“In holding that the instruction correctly states the law, Judge Burks said: ‘Two objections were made to this instruction. The first is that so much of the instruction as states that “in order to reduce the offense from murder in the second degree to manslaughter or excusable homicide, the burden is upon the prisoner,” is not a correct statement of the law. This statement of the law is hoary with age and has been followed without criticism or objection in this jurisdiction for nearly a century. A partial list of the cases in which it has been approved is given in the margin. If in its practical application it had proved unfair or injurious to persons accused of homicide, it is more than probable that the fact would long ago have been discovered by the bar and the bench. It has proven satisfactory in the administration of justice and not hurtful to those accused of homicide, and we have no disposition to depart from it.’
“(4-6) While we are of the opinion that this assignment is without merit, we are not unmindful of the strong argument advanced in the dissenting opinion of Wilde, J., in Commonwealth v. York, 9 Metcalf (Mass.) 93, 43 Am. Dec. 373, cited by counsel for the accused. In Litton’s Case, 101 Va. 833, 44 S.E. 923, however, it is held that when the Commonwealth has proven the commission of a homicide and has pointed out the accused as the criminal agent, then it may rest its case, and unless the accused shows circumstances of justification, excuse, or alleviation, a verdict of murder in the second degree will be warranted.”
The second contention is that instruction four implies the use of a deadly weapon when, as a matter of fact, an ordinary pocket knife is not such a deadly weapon as is contemplated by the law; that the phrase “in the previous possession of the slayer” means a possession of the weapon acquired for the purpose for which it was used. There is no merit in the contention.
In Mealy v. Commonwealth, 135 Va. 585, 588, 115 S.E. 528, 529, this court was confronted with a similar proposition. It appears in that case that an altercation occurred between the accused and her husband. Her claim was that her husband beat and choked her because she had opened a letter addressed to him and written by a woman named Cook. Breaking loose from him, she ran into an adjoining room, secured a gun, came back into the room where her husband was and shot him. Over the objection of counsel for the accused, the court gave this instruction:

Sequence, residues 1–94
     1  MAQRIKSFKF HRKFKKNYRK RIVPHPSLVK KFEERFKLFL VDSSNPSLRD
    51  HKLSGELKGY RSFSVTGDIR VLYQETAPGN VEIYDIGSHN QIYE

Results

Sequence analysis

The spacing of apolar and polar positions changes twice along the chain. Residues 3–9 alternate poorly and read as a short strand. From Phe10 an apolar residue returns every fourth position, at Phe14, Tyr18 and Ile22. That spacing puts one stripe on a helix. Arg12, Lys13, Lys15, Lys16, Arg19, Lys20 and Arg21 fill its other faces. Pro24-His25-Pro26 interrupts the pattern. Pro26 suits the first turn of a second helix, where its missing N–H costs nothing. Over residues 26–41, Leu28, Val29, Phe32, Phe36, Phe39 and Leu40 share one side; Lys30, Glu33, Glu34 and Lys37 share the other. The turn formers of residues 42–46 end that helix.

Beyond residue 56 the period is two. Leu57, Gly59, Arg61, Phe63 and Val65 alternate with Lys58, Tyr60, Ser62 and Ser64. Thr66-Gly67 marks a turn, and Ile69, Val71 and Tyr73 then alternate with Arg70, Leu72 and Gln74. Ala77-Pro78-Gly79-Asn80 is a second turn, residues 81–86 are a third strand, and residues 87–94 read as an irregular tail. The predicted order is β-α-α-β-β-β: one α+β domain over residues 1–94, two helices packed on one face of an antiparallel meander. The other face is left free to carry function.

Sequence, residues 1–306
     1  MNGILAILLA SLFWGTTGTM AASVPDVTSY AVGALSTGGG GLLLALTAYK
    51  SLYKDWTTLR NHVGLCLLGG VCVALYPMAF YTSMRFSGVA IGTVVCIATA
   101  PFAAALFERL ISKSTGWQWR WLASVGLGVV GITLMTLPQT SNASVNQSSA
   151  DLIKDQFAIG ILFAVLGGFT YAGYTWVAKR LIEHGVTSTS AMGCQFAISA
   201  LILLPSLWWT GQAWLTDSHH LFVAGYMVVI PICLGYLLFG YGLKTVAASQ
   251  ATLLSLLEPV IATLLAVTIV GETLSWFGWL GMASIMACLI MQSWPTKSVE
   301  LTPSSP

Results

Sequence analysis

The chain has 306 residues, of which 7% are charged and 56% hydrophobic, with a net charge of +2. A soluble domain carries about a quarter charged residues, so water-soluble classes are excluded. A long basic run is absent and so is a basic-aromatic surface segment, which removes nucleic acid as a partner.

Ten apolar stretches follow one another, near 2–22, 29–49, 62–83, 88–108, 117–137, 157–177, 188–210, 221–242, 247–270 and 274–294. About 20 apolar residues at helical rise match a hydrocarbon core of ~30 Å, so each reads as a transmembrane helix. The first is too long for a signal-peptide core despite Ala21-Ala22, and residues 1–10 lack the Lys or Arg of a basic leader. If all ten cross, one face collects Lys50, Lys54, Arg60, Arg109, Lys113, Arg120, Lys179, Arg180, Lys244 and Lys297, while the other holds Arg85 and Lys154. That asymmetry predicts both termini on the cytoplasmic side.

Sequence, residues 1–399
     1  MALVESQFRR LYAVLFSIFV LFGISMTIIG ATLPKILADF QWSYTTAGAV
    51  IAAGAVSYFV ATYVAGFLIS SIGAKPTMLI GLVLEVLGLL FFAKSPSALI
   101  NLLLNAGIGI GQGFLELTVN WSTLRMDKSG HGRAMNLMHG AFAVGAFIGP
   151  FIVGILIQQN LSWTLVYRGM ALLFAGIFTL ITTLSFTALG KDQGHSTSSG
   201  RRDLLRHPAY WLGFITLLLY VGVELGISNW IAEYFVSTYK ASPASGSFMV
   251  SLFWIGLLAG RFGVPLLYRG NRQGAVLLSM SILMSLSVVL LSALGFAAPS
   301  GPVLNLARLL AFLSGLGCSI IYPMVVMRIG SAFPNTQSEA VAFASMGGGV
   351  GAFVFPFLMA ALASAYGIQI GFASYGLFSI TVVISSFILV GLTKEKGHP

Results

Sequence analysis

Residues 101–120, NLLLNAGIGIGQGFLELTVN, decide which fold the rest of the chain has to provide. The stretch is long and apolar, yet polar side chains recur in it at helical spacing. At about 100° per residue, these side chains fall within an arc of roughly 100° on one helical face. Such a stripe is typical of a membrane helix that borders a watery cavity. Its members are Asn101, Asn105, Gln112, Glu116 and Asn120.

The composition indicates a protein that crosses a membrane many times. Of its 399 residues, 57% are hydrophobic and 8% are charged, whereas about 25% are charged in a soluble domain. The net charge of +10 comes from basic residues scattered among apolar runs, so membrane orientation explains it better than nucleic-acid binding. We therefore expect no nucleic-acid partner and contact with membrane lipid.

“The court instructs the jury that a mortal wound given with a deadly weapon in the previous possession of the slayer, without any provocation or even with slight provocation is prima facie wilful, deliberate and premeditated killing and throws upon the prisoner the necessity of showing extenuating circumstances.”
Judge Kelly, in delivering the unanimous opinion of the court, said: “The objection urged to this instruction is twofold. It is said, in the first place, that the possession of the gun by the defendant was not such ‘previous possession’ as was legally requisite in order to make the instruction applicable. To sustain this contention we would have to overrule rule a long line of Virginia decisions, too numerous and familiar to require citation here.
“The rule applied in this instruction has its foundation in the principle of criminal law that every person is presumed to have intended the natural and probable consequences of his voluntary acts. The test of the criminal intent in the use of a deadly weapon is to be found, not in the manner in which or the purpose for which the previous possession of the weapon was acquired, but in its deliberate use for a deadly purpose. For example, in Honesty’s Case, 81 Va. 283, 295, 296, the accused struck the fatal blow with a brickbat which he had but a moment before picked up, and in Jones’ Case, 100 Va. 842, 855, 41 S.E. 951, the prisoner killed his victim with a post hole digger which he had in his hand before and at the time the altercation began, and with which he was peacefully prosecuting the work of building a fence. In both of these cases it was contended, with respect to an instruction exactly like the one here complained of, that the ‘previous possession’ necessary to justify such an instruction must be understood as a possession originating in previous preparation for the crime; but in both cases this court rejected that contention.”